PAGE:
It’s so hard to get people’s attention these days with all the election chaos going on. But I got my family’s attention but not intentionally. I got home after that odd but interesting day at work, and looked at the kitchen. My in-laws had purchased a Costoc Rotissiere Chicken and it was sitting on the counter. The kids are okay with eating less meat, but they do still eat meat. I looked at the chicken and I was going to make just standard pasta with sauce, and another bagged salad. Mr. Plastic Picker is eating so much bagged salad that it is getting kind of boring.

I looked at the Costco Rotissiere Chicken, and then looked for a frying pan and encountered our hand-me-down iron cast skillet that I’ve never used. That thing is heavy! I remembered though from researching my anemia article, that cooking in an iron-cast skillet is good for extra iron.

OMG, I just read this revolutionary legit article and it does! “Yes, cooking in a cast iron skillet can add significant amounts of iron to your food and into your body‚Ķ if you eat it. This was proven by researchers who tested 20 foods, the results of which were published in the July 1986 issue of the Journal of the American Dietetic Association. They measured the iron and moisture content of these items when raw, and after cooking in an iron skillet and a non-iron (Corning ware) dish, separately. A new, seasoned iron skillet was used, in the event prior use might have affected iron absorption. The researchers also compared iron absorption when using a new iron skillet versus an older one.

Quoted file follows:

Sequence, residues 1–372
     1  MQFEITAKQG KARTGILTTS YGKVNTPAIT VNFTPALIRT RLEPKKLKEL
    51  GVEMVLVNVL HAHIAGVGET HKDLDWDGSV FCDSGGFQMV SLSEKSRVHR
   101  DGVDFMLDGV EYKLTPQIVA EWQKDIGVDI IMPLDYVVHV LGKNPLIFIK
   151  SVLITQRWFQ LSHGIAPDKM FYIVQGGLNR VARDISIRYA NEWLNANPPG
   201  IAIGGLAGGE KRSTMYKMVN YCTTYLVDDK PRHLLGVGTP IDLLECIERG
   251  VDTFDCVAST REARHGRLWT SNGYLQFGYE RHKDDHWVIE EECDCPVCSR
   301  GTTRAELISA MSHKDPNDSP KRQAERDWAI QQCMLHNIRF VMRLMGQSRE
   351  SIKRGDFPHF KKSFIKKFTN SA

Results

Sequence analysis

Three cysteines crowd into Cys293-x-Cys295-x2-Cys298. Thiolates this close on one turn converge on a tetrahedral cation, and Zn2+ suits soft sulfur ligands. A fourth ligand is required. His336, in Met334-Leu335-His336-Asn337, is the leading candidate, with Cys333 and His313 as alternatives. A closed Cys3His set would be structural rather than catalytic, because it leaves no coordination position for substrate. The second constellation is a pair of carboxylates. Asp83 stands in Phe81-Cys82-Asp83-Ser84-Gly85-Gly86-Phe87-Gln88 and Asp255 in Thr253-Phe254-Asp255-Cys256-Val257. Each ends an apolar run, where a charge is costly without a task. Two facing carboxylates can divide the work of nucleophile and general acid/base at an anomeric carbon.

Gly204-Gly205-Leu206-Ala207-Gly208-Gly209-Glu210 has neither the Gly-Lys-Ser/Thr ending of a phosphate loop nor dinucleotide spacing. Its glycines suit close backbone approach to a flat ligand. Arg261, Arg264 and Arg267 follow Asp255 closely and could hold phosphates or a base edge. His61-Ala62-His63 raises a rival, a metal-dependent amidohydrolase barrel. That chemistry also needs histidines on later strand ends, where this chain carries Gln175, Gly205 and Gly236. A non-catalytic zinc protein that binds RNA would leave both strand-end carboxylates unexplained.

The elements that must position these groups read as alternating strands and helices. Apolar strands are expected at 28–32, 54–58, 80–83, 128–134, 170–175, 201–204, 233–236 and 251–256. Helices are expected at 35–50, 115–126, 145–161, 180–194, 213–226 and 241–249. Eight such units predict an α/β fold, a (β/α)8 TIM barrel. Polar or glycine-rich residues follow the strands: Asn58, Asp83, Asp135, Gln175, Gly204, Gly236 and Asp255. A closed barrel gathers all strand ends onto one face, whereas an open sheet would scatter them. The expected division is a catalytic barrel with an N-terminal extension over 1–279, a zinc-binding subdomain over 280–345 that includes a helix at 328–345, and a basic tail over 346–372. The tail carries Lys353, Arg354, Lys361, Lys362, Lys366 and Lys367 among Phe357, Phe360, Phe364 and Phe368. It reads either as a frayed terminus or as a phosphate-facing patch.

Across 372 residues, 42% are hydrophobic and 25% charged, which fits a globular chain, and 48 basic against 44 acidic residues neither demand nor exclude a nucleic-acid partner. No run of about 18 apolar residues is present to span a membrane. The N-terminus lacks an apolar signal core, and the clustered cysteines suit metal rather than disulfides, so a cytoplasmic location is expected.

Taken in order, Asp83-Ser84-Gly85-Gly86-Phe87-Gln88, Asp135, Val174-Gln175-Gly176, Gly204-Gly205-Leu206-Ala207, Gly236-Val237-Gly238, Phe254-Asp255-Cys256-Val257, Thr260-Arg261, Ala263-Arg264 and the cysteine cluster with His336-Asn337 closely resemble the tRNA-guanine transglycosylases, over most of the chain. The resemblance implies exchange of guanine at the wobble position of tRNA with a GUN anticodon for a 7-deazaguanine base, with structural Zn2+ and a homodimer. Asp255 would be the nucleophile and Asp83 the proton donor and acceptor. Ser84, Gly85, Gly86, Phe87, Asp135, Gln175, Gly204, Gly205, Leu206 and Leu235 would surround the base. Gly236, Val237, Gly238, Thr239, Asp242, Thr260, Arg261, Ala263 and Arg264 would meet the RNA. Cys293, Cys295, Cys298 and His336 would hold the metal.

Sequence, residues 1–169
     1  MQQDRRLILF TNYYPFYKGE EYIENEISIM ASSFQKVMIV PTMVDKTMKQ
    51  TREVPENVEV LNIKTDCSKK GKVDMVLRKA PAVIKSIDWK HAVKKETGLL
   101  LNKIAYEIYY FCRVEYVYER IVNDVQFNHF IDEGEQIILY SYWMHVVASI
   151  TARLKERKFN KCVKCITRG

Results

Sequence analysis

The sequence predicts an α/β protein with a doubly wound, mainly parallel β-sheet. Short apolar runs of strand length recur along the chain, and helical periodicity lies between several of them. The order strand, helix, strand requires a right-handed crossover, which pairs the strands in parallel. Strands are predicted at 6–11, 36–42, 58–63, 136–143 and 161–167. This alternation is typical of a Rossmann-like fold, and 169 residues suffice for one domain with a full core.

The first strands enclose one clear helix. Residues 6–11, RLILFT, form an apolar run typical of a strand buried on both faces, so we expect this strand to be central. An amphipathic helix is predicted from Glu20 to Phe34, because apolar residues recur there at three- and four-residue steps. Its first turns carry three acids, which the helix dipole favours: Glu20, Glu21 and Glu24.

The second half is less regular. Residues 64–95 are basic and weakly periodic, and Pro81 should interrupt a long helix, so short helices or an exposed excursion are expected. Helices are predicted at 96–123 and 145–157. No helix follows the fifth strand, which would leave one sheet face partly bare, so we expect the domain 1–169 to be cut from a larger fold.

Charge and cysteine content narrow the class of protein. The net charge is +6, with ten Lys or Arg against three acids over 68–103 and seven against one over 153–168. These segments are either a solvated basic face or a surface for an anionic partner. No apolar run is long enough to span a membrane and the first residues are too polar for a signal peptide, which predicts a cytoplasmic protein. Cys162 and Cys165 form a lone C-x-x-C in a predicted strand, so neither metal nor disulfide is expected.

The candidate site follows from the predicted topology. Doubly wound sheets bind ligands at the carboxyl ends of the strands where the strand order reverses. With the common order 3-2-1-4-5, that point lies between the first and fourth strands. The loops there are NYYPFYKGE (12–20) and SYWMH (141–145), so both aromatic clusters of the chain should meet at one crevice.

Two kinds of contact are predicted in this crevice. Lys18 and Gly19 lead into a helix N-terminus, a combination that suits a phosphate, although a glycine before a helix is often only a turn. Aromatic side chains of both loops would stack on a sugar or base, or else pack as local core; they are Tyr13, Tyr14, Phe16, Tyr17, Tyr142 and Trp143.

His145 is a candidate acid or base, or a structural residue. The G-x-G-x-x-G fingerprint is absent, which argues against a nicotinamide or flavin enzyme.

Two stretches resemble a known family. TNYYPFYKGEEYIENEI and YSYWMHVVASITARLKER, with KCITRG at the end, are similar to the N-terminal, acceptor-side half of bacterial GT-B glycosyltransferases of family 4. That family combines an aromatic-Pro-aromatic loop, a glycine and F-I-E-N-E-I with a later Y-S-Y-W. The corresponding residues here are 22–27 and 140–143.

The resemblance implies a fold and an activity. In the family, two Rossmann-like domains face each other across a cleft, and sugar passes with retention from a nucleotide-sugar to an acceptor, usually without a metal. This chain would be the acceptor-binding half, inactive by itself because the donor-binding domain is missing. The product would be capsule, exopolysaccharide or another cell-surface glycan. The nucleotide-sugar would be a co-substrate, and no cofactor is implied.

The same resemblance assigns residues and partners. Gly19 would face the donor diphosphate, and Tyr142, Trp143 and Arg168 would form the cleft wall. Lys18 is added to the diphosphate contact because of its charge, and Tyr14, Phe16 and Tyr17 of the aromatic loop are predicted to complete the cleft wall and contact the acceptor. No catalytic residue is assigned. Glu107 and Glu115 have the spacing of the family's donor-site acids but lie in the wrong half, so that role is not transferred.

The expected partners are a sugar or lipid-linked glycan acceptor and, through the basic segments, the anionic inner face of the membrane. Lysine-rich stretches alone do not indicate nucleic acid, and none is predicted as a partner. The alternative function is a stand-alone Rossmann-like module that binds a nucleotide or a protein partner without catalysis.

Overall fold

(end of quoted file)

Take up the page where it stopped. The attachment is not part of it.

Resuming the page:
Researchers found that cooking in an iron skillet greatly increases the iron content of many foods. Acidic foods that have a higher moisture content, such as applesauce and spaghetti sauce, absorbed the most iron. As a matter of fact, the big winners in the foods tested were these two items. For 100 grams of each (about 3 oz.), the applesauce increased in iron content from 0.35 mg. to 7.3 mg., and the spaghetti sauce jumped from 0.6 mg. to 5.7 mg. of iron.

Food cooked for longer periods of time absorbed more iron than food that was heated more quickly. They also found foods prepared with a newer iron skillet absorbed more iron than those cooked in an older one. Foods that were cooked and stirred more frequently absorbed a greater amount of iron as well, probably because they came into contact with the iron more often. ” https://whatscookingamerica.net/Information/IronCastIron.htm

This is mind blowing. So I looked at my old-hardly used iron-cast skillet, and I also had a can of whole peeled roma tomatoes. And I this is what I did

Costco Rotissierre Chicken and Cous Cous and a Whole Lot of Stewy Vegetables!!! – Use an Iron-Cast Skillet

Ingredients

  • Use an Iron-Cast Skillet
  • Can of No Salt Added Tomatoes (I used Sprouts Whole Peeled Roma Tomatos No Salt Added, you could probably use fresh or dieced can tomatoes)
  • 2 stalks of celery
  • 1/3 of an onion
  • 1 medium carrot
  • 1/4 Costco Rotissiere Chicken, just cut the pieces I liked. I did add some skin.
  • Cous Cous
  • 1 cup of water
  • garlic or garlic salt
  • a bit of salt
  • Olive Oil (I used my rosemary infused olive oil I made from the HMO parking lot rosemary bush)

Instructions

  1. A bit of Olive Oil in the cast-iron skillet
  2. Sauteed coarsely chopped onion, carrots, and celery
  3. After a few minutes, poured in can of tomatoes
  4. Simmered for a few minutes
  5. Added it bits of chicken
  6. Seasoned with garlic salt and sea salt
  7. Added more water, and poured in the desired amount of cous cous (maybe 1/2 cup?)

That’s it! It was really easy and really delicious. And now I realize really good to prevent anemia because it had the acidic tomatoes with the iron cast skillet! This recipe can definitely be made vegan with tofu. I’ll try that one next time. I’m definitely using this skillet more!